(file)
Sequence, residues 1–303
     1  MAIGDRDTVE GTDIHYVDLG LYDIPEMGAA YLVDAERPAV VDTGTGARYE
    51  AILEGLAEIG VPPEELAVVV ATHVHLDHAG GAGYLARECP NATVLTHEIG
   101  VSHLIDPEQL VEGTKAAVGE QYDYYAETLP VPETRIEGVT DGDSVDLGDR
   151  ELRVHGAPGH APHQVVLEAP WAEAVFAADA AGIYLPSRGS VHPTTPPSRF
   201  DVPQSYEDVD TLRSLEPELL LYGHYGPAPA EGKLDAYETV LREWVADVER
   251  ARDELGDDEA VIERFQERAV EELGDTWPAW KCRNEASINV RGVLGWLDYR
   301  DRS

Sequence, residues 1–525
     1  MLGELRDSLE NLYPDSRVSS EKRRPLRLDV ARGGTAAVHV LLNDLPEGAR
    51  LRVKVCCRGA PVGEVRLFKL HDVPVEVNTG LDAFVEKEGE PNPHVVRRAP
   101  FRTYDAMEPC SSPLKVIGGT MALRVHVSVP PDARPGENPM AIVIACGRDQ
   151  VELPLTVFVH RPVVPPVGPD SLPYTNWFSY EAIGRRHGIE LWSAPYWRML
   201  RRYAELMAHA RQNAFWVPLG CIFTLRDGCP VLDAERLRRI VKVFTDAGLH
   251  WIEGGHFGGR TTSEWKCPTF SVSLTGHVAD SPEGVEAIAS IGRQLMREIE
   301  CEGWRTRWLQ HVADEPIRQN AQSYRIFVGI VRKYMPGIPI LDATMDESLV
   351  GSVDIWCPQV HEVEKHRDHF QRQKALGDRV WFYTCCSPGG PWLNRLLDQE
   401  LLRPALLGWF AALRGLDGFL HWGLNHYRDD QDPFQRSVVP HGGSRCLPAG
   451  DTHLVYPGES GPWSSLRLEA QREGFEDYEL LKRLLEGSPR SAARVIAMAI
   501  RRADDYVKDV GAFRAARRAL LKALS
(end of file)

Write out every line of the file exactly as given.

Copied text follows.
Sequence, residues 1–303
     1  MAIGDRDTVE GTDIHYVDLG LYDIPEMGAA YLVDAERPAV VDTGTGARYE
    51  AILEGLAEIG VPPEELAVVV ATHVHLDHAG GAGYLARECP NATVLTHEIG
   101  VSHLIDPEQL VEGTKAAVGE QYDYYAETLP VPETRIEGVT DGDSVDLGDR
   151  ELRVHGAPGH APHQVVLEAP WAEAVFAADA AGIYLPSRGS VHPTTPPSRF
   201  DVPQSYEDVD TLRSLEPELL LYGHYGPAPA EGKLDAYETV LREWVADVER
   251  ARDELGDDEA VIERFQERAV EELGDTWPAW KCRNEASINV RGVLGWLDYR
   301  DRS

Sequence, residues 1–525
     1  MLGELRDSLE NLYPDSRVSS EKRRPLRLDV ARGGTAAVHV LLNDLPEGAR
    51  LRVKVCCRGA PVGEVRLFKL HDVPVEVNTG LDAFVEKEGE PNPHVVRRAP
   101  FRTYDAMEPC SSPLKVIGGT MALRVHVSVP PDARPGENPM AIVIACGRDQ
   151  VELPLTVFVH RPVVPPVGPD SLPYTNWFSY EAIGRRHGIE LWSAPYWRML
   201  RRYAELMAHA RQNAFWVPLG CIFTLRDGCP VLDAERLRRI VKVFTDAGLH
   251  WIEGGHFGGR TTSEWKCPTF SVSLTGHVAD SPEGVEAIAS IGRQLMREIE
   301  CEGWRTRWLQ HVADEPIRQN AQSYRIFVGI VRKYMPGIPI LDATMDESLV
   351  GSVDIWCPQV HEVEKHRDHF QRQKALGDRV WFYTCCSPGG PWLNRLLDQE
   401  LLRPALLGWF AALRGLDGFL HWGLNHYRDD QDPFQRSVVP HGGSRCLPAG
   451  DTHLVYPGES GPWSSLRLEA QREGFEDYEL LKRLLEGSPR SAARVIAMAI
   501  RRADDYVKDV GAFRAARRAL LKALS